“Ugh,” I groan. “Enough, Chan. Okay? My anxiety is already sky-high because of all the last-minute changes to Magnolia’s dress. I don’t need to be ridiculed about my choice in travel right now.” Channing hands me my oversized handbag, and takes ahold of my suitcases. “Fine, I’ll give it a rest, but I would like to point out the absolute cheek of Charity and Magnolia asking you to design all the bridal party’s dresses without actually asking you to be a bride’s maid. You deserve to be the maid of honor, at the very least.” Even months later, it still stings, knowing I was excluded from the actual wedding party. Only Channing knows how much it bothered me, and how I distracted myself by making the most beautiful dresses imaginable. Work is always a balm to my frayed mind, to the extent that saying work is my life wouldn’t be far-fetched.
“I’m over it,” I tell Channing, walking down the stairs of my spacious studio in the Garment District. “And besides, if Magnolia was so fucking punctilious and painful about her dress, can you imagine the hell she inflicted on her maid of honor? I would have declined the invite to her bachelorette party and her bridal shower anyway. Had a been invited, I would’ve probably taken pleasure in saying no without a valid excuse. Besides, all those immature, giggling trust fund brats. Jesus. It gives me a headache just thinking about it.” I open the mustard-colored double doors, and shiver when a gust of wind blows inside. It’s cold as shit outside, a light shower of snow coating the side walk and surrounding buildings in fine, white powder. It happens to be my second favorite time of year, despite the chilly temperatures. Coats, boots, beanies, gloves, ice skating at Rockefeller Center, Christmas lights, and Carols by Candlelight. I even like the random people who sometimes show up at my door just to sing and spread the holiday cheer. All the cheese, as Channing would say, even though she’s a total sucker for a cheesy Christmas romance movie. She stops beside me, and quickly shoves my beanie on my head and straightens my glasses. “Call me every hour if you have to, okay? I’m still uncomfortable with you traveling so fucking far with a random guy who could be the long last cousin of Jack the Ripper.” Her concern warms my heart, but her words prickle at the discomfort I also feel about this trip. “I’ll be fine,” I tell her. “I’ll send updates regularly, and I’ll even send you a picture of the driver if that’ll make you feel better.” She frowns, and says, “You haven’t seen what this guy looks like?” My brows furrow. “Uh, no. Should I have?”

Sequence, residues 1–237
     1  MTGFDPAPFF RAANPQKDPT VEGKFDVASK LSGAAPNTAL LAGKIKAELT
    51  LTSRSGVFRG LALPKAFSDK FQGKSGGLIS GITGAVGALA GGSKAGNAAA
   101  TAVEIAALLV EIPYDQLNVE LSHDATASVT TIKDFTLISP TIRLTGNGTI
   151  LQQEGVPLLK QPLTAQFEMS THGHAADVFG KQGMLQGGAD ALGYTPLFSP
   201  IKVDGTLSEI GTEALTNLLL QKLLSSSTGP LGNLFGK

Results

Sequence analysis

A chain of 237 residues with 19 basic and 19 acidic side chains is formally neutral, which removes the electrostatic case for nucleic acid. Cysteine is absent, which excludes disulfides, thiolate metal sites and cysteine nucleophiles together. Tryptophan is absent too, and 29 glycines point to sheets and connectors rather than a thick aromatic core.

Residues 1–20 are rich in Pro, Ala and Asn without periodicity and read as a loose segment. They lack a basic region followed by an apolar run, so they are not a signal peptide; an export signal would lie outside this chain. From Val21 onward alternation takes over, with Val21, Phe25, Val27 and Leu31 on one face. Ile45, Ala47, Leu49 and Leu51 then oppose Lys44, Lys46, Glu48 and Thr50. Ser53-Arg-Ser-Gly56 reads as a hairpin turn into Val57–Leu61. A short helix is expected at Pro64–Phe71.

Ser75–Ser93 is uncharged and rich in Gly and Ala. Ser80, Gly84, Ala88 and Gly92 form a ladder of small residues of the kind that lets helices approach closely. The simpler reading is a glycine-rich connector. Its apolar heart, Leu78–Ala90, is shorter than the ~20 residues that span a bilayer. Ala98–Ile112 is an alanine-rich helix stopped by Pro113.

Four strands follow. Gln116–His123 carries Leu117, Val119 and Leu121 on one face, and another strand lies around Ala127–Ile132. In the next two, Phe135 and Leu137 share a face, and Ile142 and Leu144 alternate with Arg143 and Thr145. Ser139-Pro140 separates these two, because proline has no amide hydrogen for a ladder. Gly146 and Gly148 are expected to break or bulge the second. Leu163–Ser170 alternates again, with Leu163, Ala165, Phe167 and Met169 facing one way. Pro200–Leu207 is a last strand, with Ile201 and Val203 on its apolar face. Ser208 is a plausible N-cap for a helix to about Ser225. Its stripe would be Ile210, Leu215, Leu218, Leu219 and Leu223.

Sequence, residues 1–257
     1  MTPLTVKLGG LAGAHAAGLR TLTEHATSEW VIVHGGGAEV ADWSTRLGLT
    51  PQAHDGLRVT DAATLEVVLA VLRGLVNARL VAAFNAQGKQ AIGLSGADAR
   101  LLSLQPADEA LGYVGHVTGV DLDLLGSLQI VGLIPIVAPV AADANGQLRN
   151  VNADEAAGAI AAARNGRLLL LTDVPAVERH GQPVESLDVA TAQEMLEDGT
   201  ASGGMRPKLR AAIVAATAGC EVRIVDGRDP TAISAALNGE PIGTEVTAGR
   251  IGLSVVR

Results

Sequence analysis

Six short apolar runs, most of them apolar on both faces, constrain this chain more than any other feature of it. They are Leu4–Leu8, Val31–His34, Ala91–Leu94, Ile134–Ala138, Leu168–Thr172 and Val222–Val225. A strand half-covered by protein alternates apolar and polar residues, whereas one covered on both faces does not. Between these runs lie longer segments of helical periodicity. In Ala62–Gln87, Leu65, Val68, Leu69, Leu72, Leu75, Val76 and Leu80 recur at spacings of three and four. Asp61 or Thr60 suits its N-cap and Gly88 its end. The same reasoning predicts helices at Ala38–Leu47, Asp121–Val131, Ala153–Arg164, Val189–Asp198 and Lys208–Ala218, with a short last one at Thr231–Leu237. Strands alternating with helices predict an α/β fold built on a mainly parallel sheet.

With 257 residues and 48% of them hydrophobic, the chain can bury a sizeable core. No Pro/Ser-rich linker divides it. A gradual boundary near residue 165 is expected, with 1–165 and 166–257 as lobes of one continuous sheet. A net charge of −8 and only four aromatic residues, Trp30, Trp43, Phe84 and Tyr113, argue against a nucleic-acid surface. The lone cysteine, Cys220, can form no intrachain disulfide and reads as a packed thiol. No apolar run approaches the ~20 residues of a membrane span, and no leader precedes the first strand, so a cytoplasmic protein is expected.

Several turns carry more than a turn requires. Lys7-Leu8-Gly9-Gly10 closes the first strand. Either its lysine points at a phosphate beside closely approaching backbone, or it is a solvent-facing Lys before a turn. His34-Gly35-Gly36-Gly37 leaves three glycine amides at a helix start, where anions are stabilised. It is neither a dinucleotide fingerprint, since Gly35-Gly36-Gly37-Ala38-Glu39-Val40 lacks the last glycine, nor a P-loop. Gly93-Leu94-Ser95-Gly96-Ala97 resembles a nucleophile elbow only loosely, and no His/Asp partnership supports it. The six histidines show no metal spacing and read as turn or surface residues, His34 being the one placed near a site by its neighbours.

Channing rolls her green eyes. “Yes! They have profiles for a reason. You should know what he looks like and what car he’s driving. Have you listened to anything I’ve been saying since you hatched this hare-brained plan?”